The Spark – Snippet 40
“I noticed the cubicles,” I said. “They were all really neat. Not as neat as Louis’ own room, but neat.”
“So they were,” said Guntram. “I’m sure it’s a very efficient working environment.”
I shrugged. “It works for some, I guess,” I said. “I don’t figure it’d work for me. Anyway, I want to be a Champion.”
“Yes,” Guntram said. “The shield I gave you is one that Louis built from scraps, some of which came from what I believe was a clock. I don’t think there’s ever been a Maker with more of a flair for arms. He and Jon are well-suited to their task of reuniting Here by force. Where that’s necessary.”
I thought of Beune. I didn’t recall anybody there complaining that there wasn’t more unity. I didn’t say anything.
The door head at the corner of the hall was seven feet tall with an arched top. Its brass mountings were for show, not strength, and they’d been polished recently, maybe just this morning.
The two guards were probably for show too, but they had good arms and looked like they knew how to use them. They moved a little apart as we approached. The taller one said, “Good morning, Master Guntram. We don’t often see you in this end of the palace.”
“I’m showing my friend Lord Pal around,” Guntram said. “I thought I’d introduce him to Lady Jolene.”
“Any friend of yours, sir,” the guard said. He pulled the door open and with his fellow stood braced as Guntram led me inside.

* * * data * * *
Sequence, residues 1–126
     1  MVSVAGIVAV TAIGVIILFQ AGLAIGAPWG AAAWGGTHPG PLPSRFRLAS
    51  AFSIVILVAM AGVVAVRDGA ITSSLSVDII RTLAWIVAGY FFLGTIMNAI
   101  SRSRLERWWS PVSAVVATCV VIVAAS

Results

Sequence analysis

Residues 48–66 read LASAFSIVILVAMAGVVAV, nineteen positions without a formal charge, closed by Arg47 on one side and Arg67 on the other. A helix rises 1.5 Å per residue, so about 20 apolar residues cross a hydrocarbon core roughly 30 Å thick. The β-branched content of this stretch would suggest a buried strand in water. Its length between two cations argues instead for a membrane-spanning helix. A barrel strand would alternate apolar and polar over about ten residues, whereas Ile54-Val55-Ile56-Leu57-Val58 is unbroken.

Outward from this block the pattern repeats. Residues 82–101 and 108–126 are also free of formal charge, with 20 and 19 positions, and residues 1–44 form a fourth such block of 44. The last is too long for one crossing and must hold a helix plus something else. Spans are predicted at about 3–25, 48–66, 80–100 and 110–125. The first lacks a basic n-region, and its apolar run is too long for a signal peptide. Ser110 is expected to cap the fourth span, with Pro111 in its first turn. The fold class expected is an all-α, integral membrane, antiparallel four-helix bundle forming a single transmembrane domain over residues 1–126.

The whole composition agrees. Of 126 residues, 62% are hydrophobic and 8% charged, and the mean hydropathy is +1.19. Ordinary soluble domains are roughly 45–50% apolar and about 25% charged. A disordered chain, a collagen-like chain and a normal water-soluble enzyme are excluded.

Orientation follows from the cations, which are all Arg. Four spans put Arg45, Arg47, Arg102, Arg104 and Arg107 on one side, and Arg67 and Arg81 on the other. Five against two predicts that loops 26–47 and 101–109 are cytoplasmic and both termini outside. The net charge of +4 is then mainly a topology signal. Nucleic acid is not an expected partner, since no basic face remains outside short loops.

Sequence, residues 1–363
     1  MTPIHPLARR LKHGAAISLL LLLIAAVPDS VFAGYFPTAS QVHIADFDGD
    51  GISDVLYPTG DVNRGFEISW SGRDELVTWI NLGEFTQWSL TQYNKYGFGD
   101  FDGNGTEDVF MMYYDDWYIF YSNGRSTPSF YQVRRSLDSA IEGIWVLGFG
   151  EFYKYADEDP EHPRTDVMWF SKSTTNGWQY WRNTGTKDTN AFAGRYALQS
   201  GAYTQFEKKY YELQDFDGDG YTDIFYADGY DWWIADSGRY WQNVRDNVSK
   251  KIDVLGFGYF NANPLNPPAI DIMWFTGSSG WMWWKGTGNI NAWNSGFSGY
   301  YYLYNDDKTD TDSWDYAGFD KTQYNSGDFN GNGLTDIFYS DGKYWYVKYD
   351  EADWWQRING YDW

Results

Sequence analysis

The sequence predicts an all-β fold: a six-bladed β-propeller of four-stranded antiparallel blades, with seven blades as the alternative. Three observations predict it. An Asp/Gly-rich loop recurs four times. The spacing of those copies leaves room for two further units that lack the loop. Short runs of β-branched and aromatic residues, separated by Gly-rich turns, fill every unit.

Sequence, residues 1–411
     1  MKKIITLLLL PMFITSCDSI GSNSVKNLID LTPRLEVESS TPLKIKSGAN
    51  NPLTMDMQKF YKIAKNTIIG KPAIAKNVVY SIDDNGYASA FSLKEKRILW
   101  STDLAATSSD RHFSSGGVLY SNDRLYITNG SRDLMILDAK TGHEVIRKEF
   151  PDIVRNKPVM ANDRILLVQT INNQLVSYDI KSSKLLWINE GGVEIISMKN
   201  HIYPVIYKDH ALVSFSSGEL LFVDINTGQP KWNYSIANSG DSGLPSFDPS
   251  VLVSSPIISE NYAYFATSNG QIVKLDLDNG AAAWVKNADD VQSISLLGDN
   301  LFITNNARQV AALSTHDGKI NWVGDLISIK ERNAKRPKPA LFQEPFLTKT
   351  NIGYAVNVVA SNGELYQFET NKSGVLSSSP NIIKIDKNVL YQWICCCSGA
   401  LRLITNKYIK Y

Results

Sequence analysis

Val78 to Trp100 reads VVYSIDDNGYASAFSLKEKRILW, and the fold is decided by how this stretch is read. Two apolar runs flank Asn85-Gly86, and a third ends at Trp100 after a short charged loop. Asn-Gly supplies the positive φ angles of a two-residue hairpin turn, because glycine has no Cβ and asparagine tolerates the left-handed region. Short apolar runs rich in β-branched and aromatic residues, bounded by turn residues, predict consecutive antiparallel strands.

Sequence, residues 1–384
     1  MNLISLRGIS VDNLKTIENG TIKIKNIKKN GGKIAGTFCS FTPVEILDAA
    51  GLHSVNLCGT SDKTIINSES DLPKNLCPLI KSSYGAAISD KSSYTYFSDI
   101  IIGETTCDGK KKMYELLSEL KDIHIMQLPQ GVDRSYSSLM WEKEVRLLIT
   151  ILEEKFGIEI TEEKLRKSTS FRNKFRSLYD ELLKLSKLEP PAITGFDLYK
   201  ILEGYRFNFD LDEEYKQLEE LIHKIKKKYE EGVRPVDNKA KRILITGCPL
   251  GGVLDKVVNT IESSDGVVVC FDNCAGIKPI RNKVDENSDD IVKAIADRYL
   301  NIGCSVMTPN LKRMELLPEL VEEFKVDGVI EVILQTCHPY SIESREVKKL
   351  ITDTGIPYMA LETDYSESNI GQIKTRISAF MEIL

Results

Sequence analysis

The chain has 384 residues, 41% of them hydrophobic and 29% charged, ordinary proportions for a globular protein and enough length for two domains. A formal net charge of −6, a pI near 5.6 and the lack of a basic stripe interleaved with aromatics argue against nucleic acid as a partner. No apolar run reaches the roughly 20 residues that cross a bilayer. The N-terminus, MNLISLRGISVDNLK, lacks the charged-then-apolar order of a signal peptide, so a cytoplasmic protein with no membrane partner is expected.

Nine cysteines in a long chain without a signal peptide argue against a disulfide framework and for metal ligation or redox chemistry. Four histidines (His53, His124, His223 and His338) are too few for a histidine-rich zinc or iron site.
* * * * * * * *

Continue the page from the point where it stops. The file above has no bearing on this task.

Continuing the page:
The man who’d just gotten up from a stool in the small anteroom was a servant with sharp features and a fringe of red hair which had gone mostly gray. He wore black tights and a tunic in two shades of blue, both muted.
“Master Guntram!” he said. “How shall I announce your companion, please?”
“I’m Pal of Beune,” I said quickly before Guntram could call me, “Lord Pal,” again. Lord of what? I didn’t even own the farm my parents had left me.
Though I had a boat, come to think. I wondered what Camm had owned and how he’d become “Lord Camm.” Still, that was on his conscience, not mine.
Had been on his conscience.
“Master Guntram, and Pal of Beune,” the attendant called into the big room beyond. He didn’t speak loudly, but his voice carried in a liquid wave.
“Lady Jolene,” Guntram said, “this is my colleague Pal. He’s enrolling in the Aspirant’s Chamber.”
“We don’t see you often, Guntram,” said the lovely blond-haired woman on a central chair. “Would you like some refreshment? We have wine and also sherbert thanks to the marvelous cooler that you made for me.”